Weather, Chick Parsons, Children, Voles, Degas


Hic sunt camelopardus: this historical edition of The Browser is presented for archaeological purposes; links and formatting may be broken.

Dogger, Fisher, German Bight

Fiona Harvey | Guardian | 24th August 2017

Short history of the Shipping Forecast, a public service since 1867, devised by Robert FitzRoy, pioneer of weather forecasting and previously captain of HMS Beagle on which Charles Darwin sailed. “The shipping forecast is now 93% accurate, and the forecast for inshore waters is about 97% accurate. Wind direction is not always as easy to get right as wind speed, with about 80% accuracy and more than 90% respectively, while about 15% of gale warnings turn out to be false alarms” (610 words)

Send Parsons Immediately

Peter Eisner | Smithsonian | 24th August 2017

Action-packed account of the amazing life of Chick Parsons, a one-man OSS in the Philippines under Japanese occupation. “Before World War II, Parsons had been the toast of Manila society, successful in business and unrivaled on the polo field, a gregarious, muscular expat American with a shock of wavy brown hair, a winning smile and an eagle tattooed across the expanse of his chest”. The day the war ended he resumed that life. And, in between, he displayed almost incredible bravery (5,300 words)

The Drive For Perfect Children

Tyler Cowen | Bloomberg | 22nd August 2017

As the genetic engineering of embryos comes to seem almost inevitable, what qualities will parents seek in their children? You might assume intelligence above all; but American mothers prize extraversion over intelligence; they want children who are fun to have around. “The current mix of human personalities and institutions is a delicate balance which, for all of its flaws, has allowed society to survive and progress. I’m not looking to make a big roll of the dice on this one” (800 words)

The Black Box Of Heartbreak

Mandy Len Catron | TED | 24th August 2017

We tend to think of love as a black box: Who knows how it works? But perhaps we can get some useful hints by looking at prairie voles, another of the very few species of mammal that practise monogamy. If anything, prairie voles are even keener on monogamy than we are, mating for life and co-operating enthusiastically as parents. “Like humans, prairie voles have the occasional extracurricular tryst — they are socially, not sexually, monogamous — but they typically return to their mates” (907 words)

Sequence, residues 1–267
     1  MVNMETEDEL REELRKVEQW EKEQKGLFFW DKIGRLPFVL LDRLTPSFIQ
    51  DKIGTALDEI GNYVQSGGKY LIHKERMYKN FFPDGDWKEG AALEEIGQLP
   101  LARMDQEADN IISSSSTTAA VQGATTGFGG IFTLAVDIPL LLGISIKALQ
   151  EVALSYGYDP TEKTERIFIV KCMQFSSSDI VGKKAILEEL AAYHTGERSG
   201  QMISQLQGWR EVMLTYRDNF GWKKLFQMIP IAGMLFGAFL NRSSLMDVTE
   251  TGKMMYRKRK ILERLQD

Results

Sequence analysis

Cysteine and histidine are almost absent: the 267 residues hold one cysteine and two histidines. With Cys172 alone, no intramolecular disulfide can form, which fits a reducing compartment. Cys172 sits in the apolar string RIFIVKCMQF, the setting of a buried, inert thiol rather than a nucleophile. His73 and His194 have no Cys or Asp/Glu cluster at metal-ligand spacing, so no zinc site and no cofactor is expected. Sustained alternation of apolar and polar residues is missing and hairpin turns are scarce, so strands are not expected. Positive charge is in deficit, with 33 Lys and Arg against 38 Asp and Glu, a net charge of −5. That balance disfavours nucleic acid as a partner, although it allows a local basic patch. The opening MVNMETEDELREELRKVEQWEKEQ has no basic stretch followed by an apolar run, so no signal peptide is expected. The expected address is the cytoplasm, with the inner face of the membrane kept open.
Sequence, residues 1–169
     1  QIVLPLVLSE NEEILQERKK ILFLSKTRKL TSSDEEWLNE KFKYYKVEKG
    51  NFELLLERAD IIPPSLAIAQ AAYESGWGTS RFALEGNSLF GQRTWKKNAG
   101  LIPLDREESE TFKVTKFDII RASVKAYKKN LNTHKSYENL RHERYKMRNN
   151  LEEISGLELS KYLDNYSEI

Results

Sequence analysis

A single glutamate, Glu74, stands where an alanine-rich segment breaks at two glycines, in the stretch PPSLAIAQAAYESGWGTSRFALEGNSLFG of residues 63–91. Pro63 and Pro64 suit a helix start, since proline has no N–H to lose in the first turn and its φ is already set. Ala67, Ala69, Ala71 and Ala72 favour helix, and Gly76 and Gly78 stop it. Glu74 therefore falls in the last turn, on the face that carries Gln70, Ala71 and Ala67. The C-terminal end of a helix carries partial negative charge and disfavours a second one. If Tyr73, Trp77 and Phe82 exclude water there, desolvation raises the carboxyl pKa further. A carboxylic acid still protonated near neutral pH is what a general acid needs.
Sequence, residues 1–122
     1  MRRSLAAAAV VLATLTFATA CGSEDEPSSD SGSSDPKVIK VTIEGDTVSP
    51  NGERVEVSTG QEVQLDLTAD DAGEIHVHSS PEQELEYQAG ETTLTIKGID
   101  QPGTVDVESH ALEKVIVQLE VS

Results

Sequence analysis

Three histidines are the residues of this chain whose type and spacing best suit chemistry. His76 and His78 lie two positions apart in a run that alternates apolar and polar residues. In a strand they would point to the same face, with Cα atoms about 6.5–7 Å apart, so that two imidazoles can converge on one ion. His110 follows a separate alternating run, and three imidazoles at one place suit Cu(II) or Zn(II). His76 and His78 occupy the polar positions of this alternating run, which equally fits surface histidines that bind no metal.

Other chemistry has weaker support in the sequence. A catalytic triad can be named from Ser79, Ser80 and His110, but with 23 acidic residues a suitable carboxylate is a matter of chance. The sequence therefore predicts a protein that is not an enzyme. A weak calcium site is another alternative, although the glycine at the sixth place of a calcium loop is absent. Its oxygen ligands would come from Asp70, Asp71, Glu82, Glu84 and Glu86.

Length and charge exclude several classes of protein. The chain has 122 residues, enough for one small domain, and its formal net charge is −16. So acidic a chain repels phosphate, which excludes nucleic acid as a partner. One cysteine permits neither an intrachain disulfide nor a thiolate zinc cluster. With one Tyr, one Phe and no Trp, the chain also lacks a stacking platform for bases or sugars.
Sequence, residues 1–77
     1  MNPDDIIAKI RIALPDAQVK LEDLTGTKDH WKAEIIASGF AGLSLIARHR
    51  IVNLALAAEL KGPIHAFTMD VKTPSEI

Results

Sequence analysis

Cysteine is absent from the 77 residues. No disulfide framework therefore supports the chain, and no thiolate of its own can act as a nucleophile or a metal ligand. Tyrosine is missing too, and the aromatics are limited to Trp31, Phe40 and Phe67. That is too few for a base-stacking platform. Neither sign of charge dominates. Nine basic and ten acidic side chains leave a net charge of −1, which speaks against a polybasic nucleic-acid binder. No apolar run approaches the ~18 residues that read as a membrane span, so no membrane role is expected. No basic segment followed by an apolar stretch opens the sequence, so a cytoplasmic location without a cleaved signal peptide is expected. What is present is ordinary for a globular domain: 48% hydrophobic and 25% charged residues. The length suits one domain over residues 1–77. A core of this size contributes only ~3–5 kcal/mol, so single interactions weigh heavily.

Degas’s Model Tells All

Jeff Nagy | Paris Review | 24th August 2017

Pseudonymous but seemingly authentic memoir shows that even the greatest artist is no hero to his model. “If you posed for Degas, he paid poorly, five francs a session, the same amount a model two decades earlier could have expected. The atelier was cold and filthy, and, perversely for a man who spent so much of his life depicting bathing women, models were not permitted to wash. Degas had a mania for strenuous poses that left the women who assumed them cramped and numb” (1,800 words)

Video of the day: Literal Bohemian Rhapsody

What to expect:

Queen’s micro-opera enacted as noir detective fiction (4’05”)

Thought for the day

He who laughs last has not yet heard the bad news
Bertolt Brecht

Join 75,000+ curious readers who grow with us every day

No spam. No nonsense. Unsubscribe anytime.

Great! Check your inbox and click the link to confirm your subscription
Please enter a valid email address!
You've successfully subscribed to The Browser
Welcome back! You've successfully signed in
Visitors from India: if you've had trouble renewing or signing up, please email support@thebrowser.com and we'll give you a free subscription
Could not sign in! Login link expired. Click here to retry
Cookies must be enabled in your browser to sign in
search